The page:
How GDPR Makes the Case for Decision Management
Blog: Lux Magi - Decision Management for Finance
GDPR undoubtedly represents one of the most onerous regulatory mandates of the past decade—the first to explicitly demand an after-the-fact ability to explain your decision-making. So how can decision management help?
The General Data Protection Regulation (GDPR) will revolutionize the way in which most companies with partners or clients resident in the European Union source, verify, secure, use, retain and distribute their data. Further, it gives new rights to EU citizens that are the subjects of this data. The biggest revolution in data handling compliance since the original 1995 Data Protection Act (DPA), GDPR will force medium and large companies to appoint new, independent personnel charged with monitoring data processing, servicing the rights of data subjects and reporting breaches. It also sets record fines if these regulations are not followed. With a target implementation date in May 2018, many companies are concerned about their ability to meet this regulatory standard.
Crucially, GDPR will impose new obligations on companies that will require new levels of transparency in their decision-making, necessitating the increased use of techniques such as decision management and modeling. For example, under some circumstances, GDPR will make companies responsible for explaining their automated decision making when challenged by data subjects who are affected by the outcome. We examine these new obligations and describe how GDPR helps make the case for decision management.
What is GDPR?
GDPR is a new compliance mandate that will impact the majority of companies that store, move or process data from, or involving, a European company or involving subjects domiciled in the EU. A stronger replacement for the Data Protection Act of 1995, GDPR will be enforced from May 2018 and will have a wider territorial scope, more obligations, be better harmonized across Europe and will have the backing of every EU state. Most significantly, it will entail much more punishing fines for non-compliance: 20M Euro or 4% of annual turnover, whichever is the larger—such fines are enough to compromise some companies.
Many make the mistake of assuming GDPR only controls European companies, but this is far from the truth. GDPR has jurisdiction over corporations processing data in the EU. However it also encompasses any company handing the data of EU subjects (persons or companies) or supplying services or goods to the EU regardless of: where it is based, whether or not money changes hands and whether or not the data processing takes place in the EU.
GDPR has the power to ensure that:
- companies acquire data with appropriate consent;
- companies do not hold excessive, stale or inaccurate data;
- they hold data only for lawful reasons;
- they do not collect or distribute it without active consent of the subject;
- they have more stringent security, processing and breach control/reporting protocols controlled by documented personnel within the company (the Data Protection Officer and the Information Security Manager); and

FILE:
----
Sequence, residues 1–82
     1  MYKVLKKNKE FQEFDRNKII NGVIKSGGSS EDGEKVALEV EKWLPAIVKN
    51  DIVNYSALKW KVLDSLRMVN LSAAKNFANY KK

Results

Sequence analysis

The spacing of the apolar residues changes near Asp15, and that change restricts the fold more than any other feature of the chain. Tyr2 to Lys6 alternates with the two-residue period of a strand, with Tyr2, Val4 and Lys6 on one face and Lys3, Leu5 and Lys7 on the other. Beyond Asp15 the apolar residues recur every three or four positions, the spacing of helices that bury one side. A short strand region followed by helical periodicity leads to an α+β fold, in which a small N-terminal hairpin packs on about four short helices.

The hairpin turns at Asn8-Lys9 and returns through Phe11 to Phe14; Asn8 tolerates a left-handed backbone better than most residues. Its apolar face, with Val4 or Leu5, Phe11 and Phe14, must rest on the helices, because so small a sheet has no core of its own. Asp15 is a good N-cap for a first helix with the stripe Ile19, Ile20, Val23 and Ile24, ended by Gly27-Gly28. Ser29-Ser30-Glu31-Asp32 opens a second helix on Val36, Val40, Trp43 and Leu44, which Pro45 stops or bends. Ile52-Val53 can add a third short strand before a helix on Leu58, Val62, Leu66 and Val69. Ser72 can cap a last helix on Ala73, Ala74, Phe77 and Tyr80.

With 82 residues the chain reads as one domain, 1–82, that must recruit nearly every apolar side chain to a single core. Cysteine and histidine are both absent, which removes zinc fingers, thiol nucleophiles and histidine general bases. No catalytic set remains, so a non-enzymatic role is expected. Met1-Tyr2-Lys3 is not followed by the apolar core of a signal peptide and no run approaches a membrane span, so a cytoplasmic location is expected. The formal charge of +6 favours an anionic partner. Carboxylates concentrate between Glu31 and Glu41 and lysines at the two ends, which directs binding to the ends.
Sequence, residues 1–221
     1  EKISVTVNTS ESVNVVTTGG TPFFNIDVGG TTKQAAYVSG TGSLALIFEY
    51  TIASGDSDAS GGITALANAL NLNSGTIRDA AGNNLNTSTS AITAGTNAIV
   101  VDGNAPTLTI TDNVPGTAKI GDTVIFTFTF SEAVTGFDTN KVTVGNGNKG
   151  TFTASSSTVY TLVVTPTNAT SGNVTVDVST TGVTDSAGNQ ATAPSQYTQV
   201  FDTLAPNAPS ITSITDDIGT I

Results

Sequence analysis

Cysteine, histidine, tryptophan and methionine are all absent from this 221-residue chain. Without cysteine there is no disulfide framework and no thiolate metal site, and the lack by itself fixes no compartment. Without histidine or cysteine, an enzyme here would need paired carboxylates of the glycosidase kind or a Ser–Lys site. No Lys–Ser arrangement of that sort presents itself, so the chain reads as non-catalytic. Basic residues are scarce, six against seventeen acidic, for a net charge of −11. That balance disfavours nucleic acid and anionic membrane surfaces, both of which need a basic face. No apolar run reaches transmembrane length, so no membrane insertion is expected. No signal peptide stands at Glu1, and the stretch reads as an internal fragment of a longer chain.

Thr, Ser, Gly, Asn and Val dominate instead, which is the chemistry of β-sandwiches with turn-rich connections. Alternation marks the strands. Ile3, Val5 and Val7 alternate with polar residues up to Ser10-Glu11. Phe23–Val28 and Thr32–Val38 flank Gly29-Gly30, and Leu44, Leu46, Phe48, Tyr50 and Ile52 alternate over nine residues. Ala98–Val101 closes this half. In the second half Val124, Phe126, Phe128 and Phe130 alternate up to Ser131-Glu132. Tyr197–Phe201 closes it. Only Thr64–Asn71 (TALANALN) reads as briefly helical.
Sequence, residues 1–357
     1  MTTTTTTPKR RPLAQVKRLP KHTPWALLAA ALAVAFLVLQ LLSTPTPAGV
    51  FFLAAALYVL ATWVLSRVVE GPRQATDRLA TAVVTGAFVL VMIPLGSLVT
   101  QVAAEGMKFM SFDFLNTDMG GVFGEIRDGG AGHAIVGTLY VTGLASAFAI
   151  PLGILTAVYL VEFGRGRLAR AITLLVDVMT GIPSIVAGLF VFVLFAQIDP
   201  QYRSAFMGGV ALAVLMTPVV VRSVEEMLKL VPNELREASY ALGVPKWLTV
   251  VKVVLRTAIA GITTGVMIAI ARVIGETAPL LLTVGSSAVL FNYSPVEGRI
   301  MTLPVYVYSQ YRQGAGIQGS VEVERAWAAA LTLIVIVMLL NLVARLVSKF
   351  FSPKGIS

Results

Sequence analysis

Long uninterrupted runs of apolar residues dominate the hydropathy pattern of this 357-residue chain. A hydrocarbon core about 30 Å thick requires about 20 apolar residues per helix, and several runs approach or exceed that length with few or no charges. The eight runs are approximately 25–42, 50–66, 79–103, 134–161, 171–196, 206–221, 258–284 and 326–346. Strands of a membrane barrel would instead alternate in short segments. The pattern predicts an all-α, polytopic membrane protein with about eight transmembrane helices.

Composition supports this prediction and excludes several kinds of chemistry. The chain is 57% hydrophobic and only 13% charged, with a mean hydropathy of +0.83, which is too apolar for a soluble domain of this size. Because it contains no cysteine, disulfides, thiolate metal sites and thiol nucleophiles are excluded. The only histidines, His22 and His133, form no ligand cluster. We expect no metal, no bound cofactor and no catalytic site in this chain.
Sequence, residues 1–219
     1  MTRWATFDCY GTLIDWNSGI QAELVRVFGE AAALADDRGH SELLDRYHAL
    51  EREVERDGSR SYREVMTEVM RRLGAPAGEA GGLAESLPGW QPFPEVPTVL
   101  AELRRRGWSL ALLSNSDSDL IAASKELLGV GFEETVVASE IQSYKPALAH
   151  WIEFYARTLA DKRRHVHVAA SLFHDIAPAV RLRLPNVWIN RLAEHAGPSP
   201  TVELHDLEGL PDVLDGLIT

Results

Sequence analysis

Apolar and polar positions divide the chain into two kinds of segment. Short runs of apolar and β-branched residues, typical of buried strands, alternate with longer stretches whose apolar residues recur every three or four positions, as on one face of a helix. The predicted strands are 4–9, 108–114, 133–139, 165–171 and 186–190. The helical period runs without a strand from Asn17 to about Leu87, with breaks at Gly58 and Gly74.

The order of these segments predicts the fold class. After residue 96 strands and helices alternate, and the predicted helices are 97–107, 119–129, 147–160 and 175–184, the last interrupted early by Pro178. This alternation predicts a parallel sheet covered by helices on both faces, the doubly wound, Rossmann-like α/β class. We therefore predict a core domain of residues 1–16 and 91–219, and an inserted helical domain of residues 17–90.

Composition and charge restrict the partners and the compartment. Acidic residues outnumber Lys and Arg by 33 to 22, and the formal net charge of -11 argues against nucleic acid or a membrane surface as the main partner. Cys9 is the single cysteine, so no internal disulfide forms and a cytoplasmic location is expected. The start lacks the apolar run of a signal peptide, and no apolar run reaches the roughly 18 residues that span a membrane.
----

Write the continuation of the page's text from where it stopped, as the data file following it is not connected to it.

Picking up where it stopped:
- they uphold key rights of data subjects, including the right to have inaccurate data corrected, to prevent data being used for direct marketing without their active consent and the right to have their data erased (to be forgotten).
Although GDPR will only affect medium and large sized companies (normally those with 250 or more employees), it cannot be evaded by sub-contracting out these responsibilities to subsidiaries or business partners as the DPA could. Its central obligations must be provided in-house after an extensive information audit to assess the company’s information assets, regular privacy impact assessments to ensure data streams are being handled appropriately and a demonstration that the company has the right to hold and process the data it does. Companies will be responsible for checking and documenting the adequacy of data suppliers to meet these needs and ensuring the physical location, security and integrity of the data.
How Does Decision Management Support GDPR?
Decision Management is a means of bringing a company’s business policies and decision-making ‘into the light’, to make decisions an explicitly-managed, corporate asset. Specifically decision management:
- identifies and prioritizes operational decisions and their impact on the business;
- makes operational business policies transparent and accountable to all stakeholders by representing complex logic in easy to understand formats such as decision tables;
- renders business policy and decision logic transparent to business experts and analysts for rapid innovation and improvement;
- checks decision integrity and drives out all their data dependencies;
- helps to explain, after the fact, why a decision generated a specific outcome and
- confirms that they are used consistently and reliably.
Decision Modeling is a vital part of decision management, it gives us a standard means of representing business decisions—The Decision Model and Notation (DMN)—that is much easier to understand than code or ad-hoc spreadsheets, that is a safer representation for business policies than leaving them in the minds of subject matter experts and, most importantly, that is directly executable. This means that decision models can be tested and deployed without the need to develop decision-making code. DMN enables a viable, model-driven approach to decision-making and evolution, allowing you to convert decision models into automated, highly-efficient decision services without needing to go through the error-prone and time-consuming process of translating decisions into programs.
So how does this help with regulatory compliance mandates like GDPR?
Decision Transparency and Article 22
Article 22 of the GDPR demands that subjects (an individual about whom a company holds information) be safeguarded against potentially damaging decisions being made on their behalf, or concerning them, without the possibility of human intervention. Business operations that are fully automated and that have outcomes that could disadvantage a subject or ‘have a significant or legal effect on them’ (e.g., determining if someone is eligible for a mortgage or a credit card) must support the following entitlements: